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The MGM acquisition will give yet another boost to Amazon's already massive ad business

Prime Video may get the next Bond movie, but don't forget about IMDb TV.

Actor Aldis Hodge looking at the camera with his arms folded

Amazon's IMDb TV is rebooting "Leverage." With MGM, the ad-supported video service may get many more originals.

Photo: Alfonso Bresciani

Amazon's $8.45 billion purchase of MGM doesn't just benefit Prime Video, and by proxy everything else that Prime members are spending money on. It's also a big boost to Amazon's advertising business, including its free, ad-supported IMDb TV video service.

IMDb TV has long flown under the radar. Launched in 2019 under the name Freedive, the service has seen some significant growth in recent months. Amazon has yet to release absolute viewer numbers for the service, but the company did reveal this month that IMDb TV's viewership increased 138% year-over-year.

  • During Amazon's first Newfronts presentation, the company also said that IMDb TV viewers spend an average of 5.5 hours with the service every week.
  • Amazon wants to keep growing that number by making IMDb TV more widely available. Earlier this year, the company launched an app on Google's Chromecast with Google TV streaming device. In the coming months, it plans to unveil standalone apps for iOS and Android.
  • Amazon has started to invest some real money into IMDb TV content, including a spin-off of the Prime original "Bosch," a Judge Judy reality TV show, a revival of "Leverage" and a bunch of other scripted and unscripted shows. IMDb TV's catalog also includes audience hits like "Mad Men," "Lost" and "Schitt's Creek."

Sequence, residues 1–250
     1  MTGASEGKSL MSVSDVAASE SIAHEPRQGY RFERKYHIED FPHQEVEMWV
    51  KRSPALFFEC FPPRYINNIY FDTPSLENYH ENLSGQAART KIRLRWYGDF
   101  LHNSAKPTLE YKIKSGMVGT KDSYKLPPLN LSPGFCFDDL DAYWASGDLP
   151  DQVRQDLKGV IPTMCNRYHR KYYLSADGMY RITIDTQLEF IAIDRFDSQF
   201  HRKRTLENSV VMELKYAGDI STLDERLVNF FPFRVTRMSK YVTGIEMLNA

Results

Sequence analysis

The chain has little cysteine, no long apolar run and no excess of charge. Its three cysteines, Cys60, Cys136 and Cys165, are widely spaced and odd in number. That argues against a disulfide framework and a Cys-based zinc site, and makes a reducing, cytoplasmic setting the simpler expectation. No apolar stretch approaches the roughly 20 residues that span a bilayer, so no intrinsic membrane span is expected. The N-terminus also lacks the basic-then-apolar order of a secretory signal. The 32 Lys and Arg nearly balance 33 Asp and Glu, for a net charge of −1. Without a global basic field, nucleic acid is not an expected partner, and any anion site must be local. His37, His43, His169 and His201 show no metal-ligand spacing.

Figuring out Amazon's motivation behind IMDb TV has been a bit of a challenge, just like many of the company's media plays. Is it a defensive play against free video services like Pluto, Tubi and the Roku Channel? Or is it a way for Amazon to build another funnel for its Prime subscription business by luring people in with free stuff, only to then up-sell them on Prime Video?

It's increasingly becoming clear that IMDb TV is more than that. It's part of a massive advertising business that Amazon has been building in plain sight:

  • Amazon reported around $21.5 billion in "other" revenues, the majority of which comes from advertising, last year. Those ad dollars come from sponsored product listings on Amazon.com, audio ads playing on Echo speakers and video advertising, among other things.
  • During the Newfronts, Amazon revealed that its OTT video advertising business now reaches over 120 million monthly active viewers. This includes IMDb TV, ads that Amazon runs in third-party streaming apps on Fire TV, as well as on Twitch.
  • Loop Capital recently estimated that Amazon is making more than twice as much money with ads as Twitter, Snap, Roku and Pinterest combined.

In this context, MGM isn't just about Amazon competing with Netflix and Disney+. We should expect a good chunk of its catalog of 4,000 movies and 17,000 TV show episodes to find their way to IMDb TV eventually, and the studio will also help Amazon create new originals for the ad-supported service. This, in turn, will make the service more attractive to advertisers who have increasingly been following audiences away from linear television, and could shift billions of additional ad dollars to streaming in the coming years.

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